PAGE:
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California Proposition 91, Justice Courts Are Courts of Record (1988)

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California Proposition 91 was on the November 8, 1988 statewide ballot in California as a legislatively-referred constitutional amendment, where it was approved.

Proposition 91 designated California's justice courts as courts of record. This change put the California State Legislature in a position to set the salaries and retirement benefits of judges who work at the justice courts.

Proposition 91 also set some minimum qualifications for being a judge in a justice court. Such judges were, after the enactment of Proposition 91, required to be attorneys and members of the State Bar for at least five years before they become judges.

Election results

Proposition 91
ResultVotesPercentage
Approveda Yes 5,966,766 70.6%
No2,474,25529.31%

Constitutional changes

California Constitution
Articles
IIIIIIIVVVIVIIVIIIIXXXAXBXIXIIXIIIXIII AXIII BXIII CXIII DXIVXVXVIXVIIIXIXXIX AXIX BXIX CXXXXIXXIIXXXIVXXXV

Proposition 91 amended Section 1 of Article VI, Section 15 of Article VI and Section 15.5 of Article VI of the California Constitution.

The changes to Section 15.5 were to be "operative only until January 1, 1995, and as of that date ... repealed."

Text of measure

Title

The ballot title was:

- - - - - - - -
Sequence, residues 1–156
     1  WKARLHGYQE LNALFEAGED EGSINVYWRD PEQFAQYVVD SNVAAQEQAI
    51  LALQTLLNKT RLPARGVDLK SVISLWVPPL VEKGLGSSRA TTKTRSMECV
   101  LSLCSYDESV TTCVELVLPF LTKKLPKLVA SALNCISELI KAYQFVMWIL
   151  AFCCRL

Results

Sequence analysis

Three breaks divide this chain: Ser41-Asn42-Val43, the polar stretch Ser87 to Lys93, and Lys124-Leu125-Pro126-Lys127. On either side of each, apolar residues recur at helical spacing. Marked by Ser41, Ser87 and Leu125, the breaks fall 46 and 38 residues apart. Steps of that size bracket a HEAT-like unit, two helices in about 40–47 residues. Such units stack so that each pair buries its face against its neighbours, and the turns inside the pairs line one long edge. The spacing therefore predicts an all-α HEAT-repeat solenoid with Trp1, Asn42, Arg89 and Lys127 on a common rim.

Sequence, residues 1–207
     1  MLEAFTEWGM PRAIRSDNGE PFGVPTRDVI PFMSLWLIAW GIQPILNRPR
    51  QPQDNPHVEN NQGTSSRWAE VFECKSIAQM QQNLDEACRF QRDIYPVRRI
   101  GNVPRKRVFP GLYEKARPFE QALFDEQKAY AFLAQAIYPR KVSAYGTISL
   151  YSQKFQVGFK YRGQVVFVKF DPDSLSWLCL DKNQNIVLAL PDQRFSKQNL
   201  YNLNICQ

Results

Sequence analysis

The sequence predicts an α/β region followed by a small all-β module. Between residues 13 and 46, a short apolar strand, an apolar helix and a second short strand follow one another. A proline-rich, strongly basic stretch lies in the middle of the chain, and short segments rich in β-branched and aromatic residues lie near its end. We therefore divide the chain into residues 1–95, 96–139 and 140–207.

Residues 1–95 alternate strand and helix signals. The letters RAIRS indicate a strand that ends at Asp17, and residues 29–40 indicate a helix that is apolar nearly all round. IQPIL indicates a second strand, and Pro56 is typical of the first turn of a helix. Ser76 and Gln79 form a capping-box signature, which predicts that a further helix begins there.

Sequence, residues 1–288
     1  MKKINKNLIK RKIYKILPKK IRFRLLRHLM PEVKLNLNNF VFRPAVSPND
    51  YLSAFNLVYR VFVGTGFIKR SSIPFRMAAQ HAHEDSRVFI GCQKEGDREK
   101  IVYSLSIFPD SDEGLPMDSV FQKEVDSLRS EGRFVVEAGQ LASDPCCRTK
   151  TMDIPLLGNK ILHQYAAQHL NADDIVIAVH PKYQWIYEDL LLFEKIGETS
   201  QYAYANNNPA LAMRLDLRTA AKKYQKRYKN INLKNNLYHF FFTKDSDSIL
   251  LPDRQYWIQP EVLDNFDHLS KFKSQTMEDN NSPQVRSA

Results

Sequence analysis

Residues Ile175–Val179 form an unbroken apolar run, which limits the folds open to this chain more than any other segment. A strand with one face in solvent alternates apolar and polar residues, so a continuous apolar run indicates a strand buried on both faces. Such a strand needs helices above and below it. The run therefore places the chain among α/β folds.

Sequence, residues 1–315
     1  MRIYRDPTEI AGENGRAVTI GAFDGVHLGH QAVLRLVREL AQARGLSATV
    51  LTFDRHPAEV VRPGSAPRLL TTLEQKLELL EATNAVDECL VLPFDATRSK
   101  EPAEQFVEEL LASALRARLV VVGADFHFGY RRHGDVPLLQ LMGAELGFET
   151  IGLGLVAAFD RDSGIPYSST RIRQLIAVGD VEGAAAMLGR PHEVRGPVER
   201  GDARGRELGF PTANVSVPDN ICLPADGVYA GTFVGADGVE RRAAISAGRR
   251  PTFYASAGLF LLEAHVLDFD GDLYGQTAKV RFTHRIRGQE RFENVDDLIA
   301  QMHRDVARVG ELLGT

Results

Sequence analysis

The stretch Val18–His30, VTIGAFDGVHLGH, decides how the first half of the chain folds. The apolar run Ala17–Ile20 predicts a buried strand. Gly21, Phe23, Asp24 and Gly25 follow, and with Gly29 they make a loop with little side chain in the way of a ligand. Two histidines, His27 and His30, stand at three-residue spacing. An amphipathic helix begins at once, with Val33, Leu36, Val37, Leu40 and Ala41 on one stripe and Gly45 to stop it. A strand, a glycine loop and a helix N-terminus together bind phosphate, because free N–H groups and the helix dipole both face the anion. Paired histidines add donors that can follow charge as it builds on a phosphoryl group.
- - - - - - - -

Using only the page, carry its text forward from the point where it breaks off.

Justice Courts. Eligibility. Legislative Constitutional Amendment.

Summary

The official summary said:

"Amends the State Constitution to provide that justice courts are courts of record and that a person is ineligible to be a justice court judge unless the person has been a member of the State Bar or served as a judge of a court of record in California for five years immediately preceding selection. Makes changes operative on January 1, 1990. Exempts justice court judges who held office on January 1, 1988, from the 5-year membership or service requirement. Makes exemption operative only until January 1, 1995."

Fiscal impact

See also: Fiscal impact statement

The fiscal estimate provided by the California Legislative Analyst's Office said:

"By itself, this measure would have no direct fiscal effect, but would depend on actions taken by the Legislature to implement it. The counties affected by the measure would have costs or savings to the extent that legislative changes in the salaries and/or retirement benefits of justice court judges would differ from those the counties would otherwise have made."

Path to the ballot

The California State Legislature voted to put Proposition 91 on the ballot via Assembly Constitutional Amendment 12 (Statutes of 1988, Resolution Chapter 65).

Votes in legislature to refer to ballot
Chamber Ayes Noes
Assembly 73 0
Senate 30 0

External links

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